C-peptide test

What is a C-peptide test?

This test measures the level of C-peptide in a sample of your blood or urine (pee). Measuring C-peptide is an accurate way to find out how much insulin your body is making.

Insulin is a hormone that your pancreas makes. It helps blood glucose (blood sugar) get into your cells, where it can be used for energy. This helps keep your blood glucose at healthy levels.

During the process of making insulin, your pancreas produces C-peptide. C-peptide and insulin enter your bloodstream at the same time and in equal amounts. C-peptide doesn’t affect your blood glucose levels, but it stays in your blood longer than insulin, so it’s easier to measure accurately.

A C-peptide test can provide important information to help understand, monitor, and/or treat disorders that involve how well your body makes insulin, such as hypoglycemia (low blood sugar) and diabetes.

Other names: insulin C-peptide, connecting peptide insulin, proinsulin C-peptide

What is it used for?

A C-peptide test may be used to help:

  • Find the cause of hypoglycemia (low blood sugar). Some types of hypoglycemia are linked to high insulin levels. A C-peptide test can tell you whether too much insulin is involved in your condition. Possible causes of hypoglycemia include:
    • Liver or kidney disease
    • Malnutrition
    • Drinking too much alcohol without eating
    • A tumor in your pancreas (uncommon)
    • Side effects from certain diabetes medicines, including insulin.
  • Manage diabetes treatment. If you have type 1 or type 2 diabetes, treatment decisions may depend on knowing how much insulin your pancreas is producing. A C-peptide test can provide an accurate measurement, even if you take insulin for diabetes. That’s because your C-peptide levels depend on how much insulin your pancreas makes. They aren’t affected by insulin that you take.
  • Monitor treatment for a tumor in your pancreas, called an insulinoma (uncommon). These tumors make too much insulin and cause low blood sugar. They are almost always benign (not cancer) and can usually be removed with surgery.
  • To find out whether you have type 1 or type 2 diabetes if your diagnosis is uncertain. Usually, your health care provider can diagnose which type of diabetes you have. But in certain cases, it can be hard to tell for sure. If your diabetes diagnosis is uncertain after 3 years, a C-peptide test may be needed.

Why do I need a C-peptide test?

You may need a C-peptide test if:

  • You have been diagnosed with hypoglycemia (low blood sugar) but don’t know what’s causing it.
  • You have diabetes and you:
    • Take insulin, and your provider is considering changing your treatment.
    • Have type 2 diabetes, and your provider wants to see if you need to start taking insulin.
    • Have hypoglycemia, which could be caused by taking too much diabetes medicines.
  • You have been diagnosed with a pancreatic tumor (insulinoma). A C-peptide test can help monitor your condition and treatment.

What happens during a C-peptide test?

A C-peptide test usually uses a sample of your blood. But the test may also be done on a sample of all your urine collected over a 24-hour period.

During a blood test, a health care professional will take a blood sample from a vein in your arm, using a small needle. After the needle is inserted, a small amount of blood will be collected into a test tube or vial. You may feel a little sting when the needle goes in or out. This usually takes less than five minutes.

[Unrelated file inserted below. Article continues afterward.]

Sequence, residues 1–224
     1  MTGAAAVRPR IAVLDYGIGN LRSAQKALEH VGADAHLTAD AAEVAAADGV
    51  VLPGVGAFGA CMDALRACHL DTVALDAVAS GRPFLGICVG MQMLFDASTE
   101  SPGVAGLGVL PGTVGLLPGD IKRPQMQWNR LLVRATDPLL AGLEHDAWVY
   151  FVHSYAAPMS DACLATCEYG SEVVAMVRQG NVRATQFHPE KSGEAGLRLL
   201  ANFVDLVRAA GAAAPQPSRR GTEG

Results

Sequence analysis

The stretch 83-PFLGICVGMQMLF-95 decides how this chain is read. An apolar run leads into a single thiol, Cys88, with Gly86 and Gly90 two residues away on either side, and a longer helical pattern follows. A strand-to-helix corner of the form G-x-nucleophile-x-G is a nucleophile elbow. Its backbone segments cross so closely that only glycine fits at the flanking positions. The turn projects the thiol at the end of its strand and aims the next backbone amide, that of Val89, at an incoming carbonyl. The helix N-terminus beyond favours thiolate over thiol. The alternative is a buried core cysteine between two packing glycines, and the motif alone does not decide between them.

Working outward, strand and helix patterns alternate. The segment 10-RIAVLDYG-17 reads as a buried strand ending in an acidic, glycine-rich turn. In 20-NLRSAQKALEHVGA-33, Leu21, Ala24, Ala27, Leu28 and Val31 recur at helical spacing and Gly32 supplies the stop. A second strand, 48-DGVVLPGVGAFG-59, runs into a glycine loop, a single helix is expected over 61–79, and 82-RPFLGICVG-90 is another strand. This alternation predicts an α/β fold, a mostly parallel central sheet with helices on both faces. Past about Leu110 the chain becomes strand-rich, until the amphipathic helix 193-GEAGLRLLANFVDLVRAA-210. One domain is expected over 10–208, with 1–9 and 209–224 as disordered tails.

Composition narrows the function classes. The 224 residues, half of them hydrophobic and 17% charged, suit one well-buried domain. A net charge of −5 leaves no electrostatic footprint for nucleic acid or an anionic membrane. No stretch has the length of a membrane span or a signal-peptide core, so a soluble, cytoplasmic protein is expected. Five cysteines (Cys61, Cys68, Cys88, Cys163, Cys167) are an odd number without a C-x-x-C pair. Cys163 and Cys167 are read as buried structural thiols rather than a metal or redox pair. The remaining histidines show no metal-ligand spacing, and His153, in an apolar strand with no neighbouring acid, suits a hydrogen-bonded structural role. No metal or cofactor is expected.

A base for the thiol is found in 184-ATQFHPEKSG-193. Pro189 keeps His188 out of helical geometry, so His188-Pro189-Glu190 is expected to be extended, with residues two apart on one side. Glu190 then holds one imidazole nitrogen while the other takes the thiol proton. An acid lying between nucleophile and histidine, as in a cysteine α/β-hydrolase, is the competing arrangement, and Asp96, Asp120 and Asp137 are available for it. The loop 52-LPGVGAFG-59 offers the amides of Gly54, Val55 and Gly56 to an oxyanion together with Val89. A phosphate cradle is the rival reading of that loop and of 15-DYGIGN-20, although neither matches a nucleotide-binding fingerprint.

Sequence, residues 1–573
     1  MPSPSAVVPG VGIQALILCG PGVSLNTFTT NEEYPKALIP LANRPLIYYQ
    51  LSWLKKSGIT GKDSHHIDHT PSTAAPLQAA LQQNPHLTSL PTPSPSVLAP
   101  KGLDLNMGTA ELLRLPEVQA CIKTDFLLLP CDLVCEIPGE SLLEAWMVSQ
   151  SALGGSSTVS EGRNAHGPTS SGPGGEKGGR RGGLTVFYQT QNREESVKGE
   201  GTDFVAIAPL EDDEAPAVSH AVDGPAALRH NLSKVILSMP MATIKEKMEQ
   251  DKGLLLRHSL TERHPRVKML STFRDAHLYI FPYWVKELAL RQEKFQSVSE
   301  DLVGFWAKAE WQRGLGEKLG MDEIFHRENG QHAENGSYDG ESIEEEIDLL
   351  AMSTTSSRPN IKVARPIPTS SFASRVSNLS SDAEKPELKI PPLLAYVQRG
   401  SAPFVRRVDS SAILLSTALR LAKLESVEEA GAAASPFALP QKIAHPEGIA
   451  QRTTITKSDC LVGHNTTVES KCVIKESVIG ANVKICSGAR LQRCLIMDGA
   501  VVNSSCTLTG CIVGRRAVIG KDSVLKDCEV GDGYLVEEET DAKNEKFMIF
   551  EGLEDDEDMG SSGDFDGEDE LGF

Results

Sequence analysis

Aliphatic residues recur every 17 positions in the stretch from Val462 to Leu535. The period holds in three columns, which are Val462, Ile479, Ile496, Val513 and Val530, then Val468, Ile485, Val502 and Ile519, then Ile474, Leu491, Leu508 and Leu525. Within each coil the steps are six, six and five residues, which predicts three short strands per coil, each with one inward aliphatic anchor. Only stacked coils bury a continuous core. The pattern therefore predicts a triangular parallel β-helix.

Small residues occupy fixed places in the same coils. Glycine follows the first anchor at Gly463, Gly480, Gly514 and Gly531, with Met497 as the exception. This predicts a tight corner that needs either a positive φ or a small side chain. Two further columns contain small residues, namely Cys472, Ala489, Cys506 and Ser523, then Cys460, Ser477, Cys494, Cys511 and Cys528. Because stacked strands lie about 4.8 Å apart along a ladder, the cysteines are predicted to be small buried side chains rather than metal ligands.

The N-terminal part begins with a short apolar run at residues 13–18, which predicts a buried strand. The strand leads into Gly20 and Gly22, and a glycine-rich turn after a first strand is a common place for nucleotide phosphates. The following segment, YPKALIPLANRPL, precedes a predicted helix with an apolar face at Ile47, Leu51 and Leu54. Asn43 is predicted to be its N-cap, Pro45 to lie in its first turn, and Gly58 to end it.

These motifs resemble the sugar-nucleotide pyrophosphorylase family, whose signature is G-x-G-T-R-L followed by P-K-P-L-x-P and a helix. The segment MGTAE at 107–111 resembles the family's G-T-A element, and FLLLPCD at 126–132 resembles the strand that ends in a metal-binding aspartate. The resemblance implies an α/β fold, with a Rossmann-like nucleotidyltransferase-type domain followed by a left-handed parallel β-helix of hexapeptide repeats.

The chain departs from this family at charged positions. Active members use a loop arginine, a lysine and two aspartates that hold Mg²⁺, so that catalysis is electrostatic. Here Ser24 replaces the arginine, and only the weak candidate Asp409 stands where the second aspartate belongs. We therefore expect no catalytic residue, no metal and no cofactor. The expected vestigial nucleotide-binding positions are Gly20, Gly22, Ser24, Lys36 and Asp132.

For a 24-hour urine sample test, you will be given a special container to collect your urine and instructions on how to collect and store your samples. Your provider will tell you what time to start. The test generally includes the following steps:

  • To begin, urinate in the toilet as usual. Do not collect this urine. Write down the time you urinated.
  • For the next 24 hours, collect all your urine in the container.
  • During the collection period, store the urine container in a refrigerator or in a cooler with ice.
  • 24 hours after starting the test, try to urinate if you can. This is the last urine collection for the test.
  • Return the container with your urine to your provider’s office or the laboratory as instructed.

Will I need to do anything to prepare for the test?

For a C-peptide blood test, you may need to fast (not eat or drink) for 8–12 hours before the test. Ask your provider if there are any specific instructions you need to follow before either a blood or a urine test.

Are there any risks to the test?

There is very little risk to having a blood test. You may have slight pain or bruising at the spot where the needle was put in, but most symptoms go away quickly. There are no known risks to a urine test.

What do the results mean?

The meaning of your results depends on your age, health, the medicines you take, and the results of other tests, such as a blood glucose test. In general:

  • A high level of C-peptide usually means that your body is making too much insulin. Conditions that cause high insulin levels include:
    • Type 2 diabetes
    • Cushing’s syndrome
    • Insulinoma, a tumor in your pancreas
    • Kidney failure
    • A low level of potassium in your blood
  • A low level of C-peptide may mean your body isn’t making enough insulin. Conditions that cause low insulin levels include:
    • Type 1 diabetes and, in some cases, type 2 diabetes
    • Taking too much insulin to treat diabetes (Taking more insulin than you need may block your pancreas from making insulin on its own.)
    • A severe infection
    • Addison disease
    • Liver disease

If you have been treated for an insulin-producing tumor in your pancreas, a decrease in your C-peptide levels means your treatment is working. An increase in your C-peptide may mean that your tumor is back.